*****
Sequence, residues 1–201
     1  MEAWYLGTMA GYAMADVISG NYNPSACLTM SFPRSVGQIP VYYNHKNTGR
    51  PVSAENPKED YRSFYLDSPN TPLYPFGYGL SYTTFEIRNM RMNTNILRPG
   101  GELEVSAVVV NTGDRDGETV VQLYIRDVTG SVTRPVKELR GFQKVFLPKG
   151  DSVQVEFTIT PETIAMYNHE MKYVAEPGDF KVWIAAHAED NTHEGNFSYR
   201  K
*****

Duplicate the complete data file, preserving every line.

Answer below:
Sequence, residues 1–201
     1  MEAWYLGTMA GYAMADVISG NYNPSACLTM SFPRSVGQIP VYYNHKNTGR
    51  PVSAENPKED YRSFYLDSPN TPLYPFGYGL SYTTFEIRNM RMNTNILRPG
   101  GELEVSAVVV NTGDRDGETV VQLYIRDVTG SVTRPVKELR GFQKVFLPKG
   151  DSVQVEFTIT PETIAMYNHE MKYVAEPGDF KVWIAAHAED NTHEGNFSYR
   201  K